The Corrections

I always know when a poem isn’t working.

Sometimes I hear it right away and go back and change some words or line breaks or take some fluff out.

Sometimes I don’t do anything for a long time and I just hope it will go away, like when my car starts making a funny noise—I want to take to the mechanic, but I’m afraid the repairs will be too extensive and too costly for me to take care of right now.

There are parts of the poem that grate against each other improperly. This isn’t the way this was supposed to work: I had a plan, I had diagrams. I know how this is supposed to sound, how it should feel going by the eye and the tongue.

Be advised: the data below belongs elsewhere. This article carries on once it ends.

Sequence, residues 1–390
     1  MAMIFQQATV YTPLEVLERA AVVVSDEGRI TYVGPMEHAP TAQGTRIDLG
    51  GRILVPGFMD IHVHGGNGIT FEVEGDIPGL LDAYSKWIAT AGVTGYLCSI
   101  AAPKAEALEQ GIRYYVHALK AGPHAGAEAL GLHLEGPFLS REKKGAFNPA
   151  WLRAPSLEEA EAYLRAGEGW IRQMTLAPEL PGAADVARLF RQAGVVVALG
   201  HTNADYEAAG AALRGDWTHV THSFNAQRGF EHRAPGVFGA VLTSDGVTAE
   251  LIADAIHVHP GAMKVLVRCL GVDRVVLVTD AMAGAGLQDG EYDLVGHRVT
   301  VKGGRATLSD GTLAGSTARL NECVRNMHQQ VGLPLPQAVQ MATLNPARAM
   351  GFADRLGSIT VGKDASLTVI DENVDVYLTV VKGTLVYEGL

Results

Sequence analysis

And then, when finally I “get it,” when the poem and its purpose become more clear to me over time, I put the poem back together and it’s like two intricate cogs whose teeth fit together as perfect as an orthodontic smile.

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